2. Expect that trend to continue and increase with significantly lower gas prices.
  3. Efficiency is the key — this translates into better propulsion or more distance for same amount of energy.
  4. Electricity is STILL cheaper than gas, remains stable and is about 94% renewable in BC, so a much cleaner source.
  5. In the context of BC and Metro Vancouver, our public transit is already insufficient to meet current demand, inefficient and in dire need of an upgrade. Having lived in a number of cities in North Am, Europe and Asia, it pales in comparison…
  6. Car sharing demand has increased significantly — this is positive and indicates that younger demographics cannot afford buying a new car as young as they did in the past for a variety of reasons — higher debt, lower incomes/wages, affordability challenges, etc The cleaner these vehicles, the better.
  7. Environmental groups have long advocated for getting cars off the roads — here in Vancouver we are fortunate that this was a well-fought battle that discouraged HWY expansion at a time where most metropolises in North America were clamouring to to carbon copy the L.A. model — resulting in smog and EPA regs that helped bring the EV into fruition. Tailpipe emissions can be eliminated (with EVs) and most of these groups recognize the advantages of cars without tailpipes — especially when mounting climate warming is considered. Let’s also not forget the billions spent on health care due to respiratory illnesses.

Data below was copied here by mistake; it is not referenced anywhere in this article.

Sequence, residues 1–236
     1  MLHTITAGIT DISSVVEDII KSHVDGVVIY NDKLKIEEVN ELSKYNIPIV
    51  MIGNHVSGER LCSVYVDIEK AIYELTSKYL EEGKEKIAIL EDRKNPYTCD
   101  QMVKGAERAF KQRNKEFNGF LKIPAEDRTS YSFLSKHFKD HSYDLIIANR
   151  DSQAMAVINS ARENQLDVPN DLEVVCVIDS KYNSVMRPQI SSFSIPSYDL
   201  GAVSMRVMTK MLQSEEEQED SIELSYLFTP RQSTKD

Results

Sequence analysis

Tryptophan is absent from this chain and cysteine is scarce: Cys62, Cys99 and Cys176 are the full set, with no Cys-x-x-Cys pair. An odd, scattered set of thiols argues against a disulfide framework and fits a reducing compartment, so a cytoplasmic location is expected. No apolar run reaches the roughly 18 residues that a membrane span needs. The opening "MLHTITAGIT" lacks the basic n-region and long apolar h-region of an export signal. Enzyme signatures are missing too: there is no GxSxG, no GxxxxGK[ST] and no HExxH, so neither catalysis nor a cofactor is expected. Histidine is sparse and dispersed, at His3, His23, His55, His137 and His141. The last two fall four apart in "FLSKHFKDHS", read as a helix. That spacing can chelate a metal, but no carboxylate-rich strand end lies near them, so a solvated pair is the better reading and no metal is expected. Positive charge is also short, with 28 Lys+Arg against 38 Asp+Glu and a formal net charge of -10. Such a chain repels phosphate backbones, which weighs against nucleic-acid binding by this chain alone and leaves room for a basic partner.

8. HOV access would lessen congestion — especially while we await construction of more and better transit. With a Yes result in the upcoming referendum, we’re still about a decade away.
  9. In the near future, plug-in vehicles will have the ability to provide power back to the grid at peak demand in the same way that PV solar can lessen the demand with grid-tied installations. Instead of building Site C dam to enable natural gas companies to liquify and send somewhere else (though I doubt the industry has a chance at this point), we should be focussed on decentralizing our grid with small-scale projects. Either way, plug-ins are not the problem, but part of the solution.